Members of the Secretariat have been following the Collaborative since it was created in 2015. Existing funding arrangements, however, prevented the division’s participation. A newly minted agreement with the federal Department of Heritage has changed this; as of fall 2017, ILES is officially a funding partner of the NWT On The Land Collaborative.
For the Secretariat, the Collaborative, while still relatively new, is attractive because it “has a system in place.” By taking advantage of this existing structure, ILES is able to ensure that a greater percentage of their funds are directed towards programming rather than administration. Of particular value are the Community Advisors, who, in addition to being an invaluable support for prospective applicants, are the eyes and ears of the Collaborative in their regions. As Angela notes, “The Community Advisors are a unique and invaluable aspect of the Collaborative, offering funding partners a window onto the programs and activities that are happening in their region.”
Equally attractive to ILES are the relationships that the Collaborative has built and strengthened over the last three years with a diverse collection of organizations and programs across the territory. Not only will tapping into this network give the Secretariat a better understanding of the language revitalization components of land-based programming, but it will also allow ILES to extend their reach and diversify the recipients of their support.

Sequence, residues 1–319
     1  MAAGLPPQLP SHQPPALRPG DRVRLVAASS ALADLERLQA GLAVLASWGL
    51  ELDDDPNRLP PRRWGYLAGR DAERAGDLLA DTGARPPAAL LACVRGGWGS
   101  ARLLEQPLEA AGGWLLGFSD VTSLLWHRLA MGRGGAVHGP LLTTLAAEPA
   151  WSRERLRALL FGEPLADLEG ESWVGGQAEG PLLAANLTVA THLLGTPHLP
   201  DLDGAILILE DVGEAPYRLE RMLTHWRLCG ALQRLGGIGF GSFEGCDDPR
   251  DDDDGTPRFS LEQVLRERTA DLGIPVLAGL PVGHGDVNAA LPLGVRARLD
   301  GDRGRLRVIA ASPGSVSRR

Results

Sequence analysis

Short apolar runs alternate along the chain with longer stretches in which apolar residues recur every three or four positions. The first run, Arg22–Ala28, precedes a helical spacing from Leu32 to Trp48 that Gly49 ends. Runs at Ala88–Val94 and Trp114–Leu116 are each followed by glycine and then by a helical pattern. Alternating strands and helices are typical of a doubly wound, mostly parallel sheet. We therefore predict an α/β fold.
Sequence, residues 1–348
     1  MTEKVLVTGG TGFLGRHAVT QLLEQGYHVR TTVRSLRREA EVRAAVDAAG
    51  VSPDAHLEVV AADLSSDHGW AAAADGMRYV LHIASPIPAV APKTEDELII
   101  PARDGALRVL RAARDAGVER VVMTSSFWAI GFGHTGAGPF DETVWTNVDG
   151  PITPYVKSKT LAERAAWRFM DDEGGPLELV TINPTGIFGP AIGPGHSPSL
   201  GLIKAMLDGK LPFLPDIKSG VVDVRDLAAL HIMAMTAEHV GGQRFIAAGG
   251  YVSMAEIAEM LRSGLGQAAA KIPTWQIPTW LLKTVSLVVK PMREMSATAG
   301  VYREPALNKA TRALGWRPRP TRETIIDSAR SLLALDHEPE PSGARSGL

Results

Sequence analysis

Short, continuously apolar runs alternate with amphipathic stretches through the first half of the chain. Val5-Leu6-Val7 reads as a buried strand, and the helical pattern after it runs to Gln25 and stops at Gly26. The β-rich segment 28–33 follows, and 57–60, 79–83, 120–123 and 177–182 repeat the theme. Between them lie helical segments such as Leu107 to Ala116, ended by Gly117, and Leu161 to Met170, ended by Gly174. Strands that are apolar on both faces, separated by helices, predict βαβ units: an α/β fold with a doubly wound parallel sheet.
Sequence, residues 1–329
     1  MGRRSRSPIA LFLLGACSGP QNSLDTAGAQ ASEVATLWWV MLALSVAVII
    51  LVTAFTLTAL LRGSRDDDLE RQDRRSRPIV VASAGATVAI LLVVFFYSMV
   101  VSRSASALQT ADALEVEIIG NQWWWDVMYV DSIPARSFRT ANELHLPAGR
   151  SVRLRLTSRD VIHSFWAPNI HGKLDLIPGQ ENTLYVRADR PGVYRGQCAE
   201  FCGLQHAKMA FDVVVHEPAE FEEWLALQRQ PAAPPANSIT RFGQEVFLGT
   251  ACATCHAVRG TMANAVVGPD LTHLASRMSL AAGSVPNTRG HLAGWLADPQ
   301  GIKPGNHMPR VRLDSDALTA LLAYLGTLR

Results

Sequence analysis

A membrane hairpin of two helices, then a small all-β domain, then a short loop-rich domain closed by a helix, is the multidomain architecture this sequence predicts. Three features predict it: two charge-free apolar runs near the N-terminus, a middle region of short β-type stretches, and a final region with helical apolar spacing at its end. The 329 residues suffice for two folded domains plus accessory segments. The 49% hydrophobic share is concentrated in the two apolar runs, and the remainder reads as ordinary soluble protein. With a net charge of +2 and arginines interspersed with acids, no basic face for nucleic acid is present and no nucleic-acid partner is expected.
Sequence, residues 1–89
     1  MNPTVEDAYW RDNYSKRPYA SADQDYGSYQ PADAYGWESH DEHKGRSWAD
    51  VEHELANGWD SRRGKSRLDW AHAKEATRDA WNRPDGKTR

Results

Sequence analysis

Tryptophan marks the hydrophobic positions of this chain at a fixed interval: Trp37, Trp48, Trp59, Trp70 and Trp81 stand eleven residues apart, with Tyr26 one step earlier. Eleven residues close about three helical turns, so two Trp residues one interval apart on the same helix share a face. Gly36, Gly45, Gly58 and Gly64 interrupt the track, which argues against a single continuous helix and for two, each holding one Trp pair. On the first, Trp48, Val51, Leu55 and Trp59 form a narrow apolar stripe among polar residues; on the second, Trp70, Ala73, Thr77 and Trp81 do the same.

The Collaborative, for its part, is happy to have representatives from Education, Culture, and Employment at the table, especially given the number of applications received over the last two years from schools. In 2016, the Collaborative applications were submitted by 38 of the territory’s 49 schools. This year, almost a third of the grant requests came from educational institutions.